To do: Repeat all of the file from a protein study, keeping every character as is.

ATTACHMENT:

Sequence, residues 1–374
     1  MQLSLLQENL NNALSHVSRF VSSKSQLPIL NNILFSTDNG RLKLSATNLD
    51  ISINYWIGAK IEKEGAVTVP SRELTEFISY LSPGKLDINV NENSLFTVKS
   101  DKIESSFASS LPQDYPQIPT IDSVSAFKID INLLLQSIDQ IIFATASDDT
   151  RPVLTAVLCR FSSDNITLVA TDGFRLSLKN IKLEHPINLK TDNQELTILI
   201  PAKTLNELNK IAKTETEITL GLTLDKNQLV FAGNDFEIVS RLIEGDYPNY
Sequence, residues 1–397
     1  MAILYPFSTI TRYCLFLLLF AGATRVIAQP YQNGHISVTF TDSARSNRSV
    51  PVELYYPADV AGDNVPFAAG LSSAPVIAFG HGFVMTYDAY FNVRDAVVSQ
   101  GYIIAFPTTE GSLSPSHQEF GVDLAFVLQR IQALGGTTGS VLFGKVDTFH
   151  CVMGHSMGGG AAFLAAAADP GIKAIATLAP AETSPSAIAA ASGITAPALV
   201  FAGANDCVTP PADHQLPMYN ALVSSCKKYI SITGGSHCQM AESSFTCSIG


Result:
Sequence, residues 1–374
     1  MQLSLLQENL NNALSHVSRF VSSKSQLPIL NNILFSTDNG RLKLSATNLD
    51  ISINYWIGAK IEKEGAVTVP SRELTEFISY LSPGKLDINV NENSLFTVKS
   101  DKIESSFASS LPQDYPQIPT IDSVSAFKID INLLLQSIDQ IIFATASDDT
   151  RPVLTAVLCR FSSDNITLVA TDGFRLSLKN IKLEHPINLK TDNQELTILI
   201  PAKTLNELNK IAKTETEITL GLTLDKNQLV FAGNDFEIVS RLIEGDYPNY
Sequence, residues 1–397
     1  MAILYPFSTI TRYCLFLLLF AGATRVIAQP YQNGHISVTF TDSARSNRSV
    51  PVELYYPADV AGDNVPFAAG LSSAPVIAFG HGFVMTYDAY FNVRDAVVSQ
   101  GYIIAFPTTE GSLSPSHQEF GVDLAFVLQR IQALGGTTGS VLFGKVDTFH
   151  CVMGHSMGGG AAFLAAAADP GIKAIATLAP AETSPSAIAA ASGITAPALV
   201  FAGANDCVTP PADHQLPMYN ALVSSCKKYI SITGGSHCQM AESSFTCSIG